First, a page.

Beware performance funding schemes for teaching

by Andrew Norton


The government proposes paying a small proportion of university teaching funding only to universities that meet performance indicator targets. These targets could include employment outcomes, student satisfaction, and enrolments from equity groups.

This submission argues that performance funding schemes for teaching rarely work well.

University performance is difficult to measure. It is hard to distinguish the contribution of universities from the original attributes of the students. Graduate employment outcomes are more affected by the economy than university performance. Apparent year-to-year changes in performance indicators can just reflect measurement difficulties, not any real improvement or deterioration in performance.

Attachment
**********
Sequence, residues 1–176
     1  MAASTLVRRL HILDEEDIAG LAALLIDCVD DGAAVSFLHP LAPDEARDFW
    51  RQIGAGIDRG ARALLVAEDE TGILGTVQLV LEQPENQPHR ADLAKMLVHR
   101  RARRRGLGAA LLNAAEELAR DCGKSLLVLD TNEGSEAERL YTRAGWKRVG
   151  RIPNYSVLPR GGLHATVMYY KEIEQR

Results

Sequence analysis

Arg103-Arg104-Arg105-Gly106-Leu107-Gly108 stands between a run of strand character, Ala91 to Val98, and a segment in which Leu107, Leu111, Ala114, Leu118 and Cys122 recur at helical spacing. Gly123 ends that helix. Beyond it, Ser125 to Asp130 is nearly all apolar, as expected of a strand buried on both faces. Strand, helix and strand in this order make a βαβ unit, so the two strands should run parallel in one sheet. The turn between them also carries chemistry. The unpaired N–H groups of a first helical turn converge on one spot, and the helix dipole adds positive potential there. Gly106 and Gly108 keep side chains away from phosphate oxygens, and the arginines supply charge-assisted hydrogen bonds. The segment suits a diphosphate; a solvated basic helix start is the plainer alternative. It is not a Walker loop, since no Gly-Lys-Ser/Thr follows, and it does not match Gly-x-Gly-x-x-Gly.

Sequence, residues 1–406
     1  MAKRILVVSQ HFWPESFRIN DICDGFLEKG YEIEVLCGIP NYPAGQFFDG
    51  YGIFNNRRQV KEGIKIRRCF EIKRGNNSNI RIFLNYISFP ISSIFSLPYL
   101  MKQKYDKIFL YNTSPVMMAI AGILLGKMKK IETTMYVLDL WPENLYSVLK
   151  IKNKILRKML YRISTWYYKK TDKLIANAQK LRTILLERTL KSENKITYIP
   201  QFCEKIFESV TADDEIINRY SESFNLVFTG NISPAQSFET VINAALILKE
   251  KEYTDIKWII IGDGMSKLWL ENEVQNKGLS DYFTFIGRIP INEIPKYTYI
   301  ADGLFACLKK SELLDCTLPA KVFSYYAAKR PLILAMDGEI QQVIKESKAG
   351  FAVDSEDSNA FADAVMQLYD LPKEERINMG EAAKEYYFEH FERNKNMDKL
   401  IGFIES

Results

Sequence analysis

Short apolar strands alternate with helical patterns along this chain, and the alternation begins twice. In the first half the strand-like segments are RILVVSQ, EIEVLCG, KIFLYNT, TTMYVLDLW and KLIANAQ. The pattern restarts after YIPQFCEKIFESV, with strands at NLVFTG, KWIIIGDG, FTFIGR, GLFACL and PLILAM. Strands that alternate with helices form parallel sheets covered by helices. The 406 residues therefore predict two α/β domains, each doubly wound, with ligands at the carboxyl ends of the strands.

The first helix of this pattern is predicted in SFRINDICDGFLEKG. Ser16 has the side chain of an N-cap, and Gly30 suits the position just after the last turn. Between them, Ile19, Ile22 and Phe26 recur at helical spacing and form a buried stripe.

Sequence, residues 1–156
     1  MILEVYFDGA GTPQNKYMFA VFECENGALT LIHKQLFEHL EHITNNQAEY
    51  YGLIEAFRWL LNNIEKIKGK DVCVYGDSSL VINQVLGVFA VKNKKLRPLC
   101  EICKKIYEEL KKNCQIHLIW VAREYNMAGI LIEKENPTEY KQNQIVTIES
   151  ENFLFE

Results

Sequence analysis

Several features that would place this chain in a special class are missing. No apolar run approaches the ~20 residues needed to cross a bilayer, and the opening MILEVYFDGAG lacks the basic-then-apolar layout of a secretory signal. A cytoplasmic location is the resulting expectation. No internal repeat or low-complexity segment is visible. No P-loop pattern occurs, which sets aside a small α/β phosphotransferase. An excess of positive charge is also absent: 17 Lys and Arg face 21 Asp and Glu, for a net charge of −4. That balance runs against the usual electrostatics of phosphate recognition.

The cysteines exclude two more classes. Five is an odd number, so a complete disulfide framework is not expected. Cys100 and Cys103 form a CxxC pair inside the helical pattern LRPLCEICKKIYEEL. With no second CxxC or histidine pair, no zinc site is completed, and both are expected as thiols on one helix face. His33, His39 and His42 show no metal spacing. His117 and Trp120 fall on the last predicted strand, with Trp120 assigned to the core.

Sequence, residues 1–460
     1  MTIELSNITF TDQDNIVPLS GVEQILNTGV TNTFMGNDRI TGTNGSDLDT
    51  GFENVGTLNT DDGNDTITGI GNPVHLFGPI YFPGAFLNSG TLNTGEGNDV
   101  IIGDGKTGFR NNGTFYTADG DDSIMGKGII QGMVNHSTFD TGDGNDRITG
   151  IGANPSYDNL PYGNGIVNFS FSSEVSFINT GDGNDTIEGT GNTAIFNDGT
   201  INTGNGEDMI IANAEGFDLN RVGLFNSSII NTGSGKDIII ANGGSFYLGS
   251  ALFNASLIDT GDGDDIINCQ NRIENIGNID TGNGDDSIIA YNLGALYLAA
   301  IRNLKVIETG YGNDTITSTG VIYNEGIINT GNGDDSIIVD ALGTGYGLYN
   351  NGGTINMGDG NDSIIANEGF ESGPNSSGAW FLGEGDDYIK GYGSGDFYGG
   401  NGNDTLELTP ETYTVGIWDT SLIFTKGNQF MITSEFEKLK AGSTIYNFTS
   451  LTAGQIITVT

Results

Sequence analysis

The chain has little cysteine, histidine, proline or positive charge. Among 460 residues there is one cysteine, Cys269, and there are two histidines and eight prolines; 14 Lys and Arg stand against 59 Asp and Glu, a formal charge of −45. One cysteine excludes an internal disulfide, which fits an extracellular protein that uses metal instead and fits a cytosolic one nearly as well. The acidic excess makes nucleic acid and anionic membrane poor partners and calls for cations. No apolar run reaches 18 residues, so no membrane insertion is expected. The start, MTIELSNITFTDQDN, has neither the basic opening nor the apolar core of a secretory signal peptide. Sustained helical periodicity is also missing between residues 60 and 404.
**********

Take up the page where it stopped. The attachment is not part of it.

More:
In addition to the inherent problems of performance funding, the government’s scheme gives universities little incentive to change their policies. The amount of money on offer is low and it is not a bonus payment – it is just a promise to pay universities slightly more of what they should have been paid under demand driven funding. Universities with shrinking enrolments would not receive any money, even if they meet their targets.

The submission advises universities not do to anything they were not already planning on doing.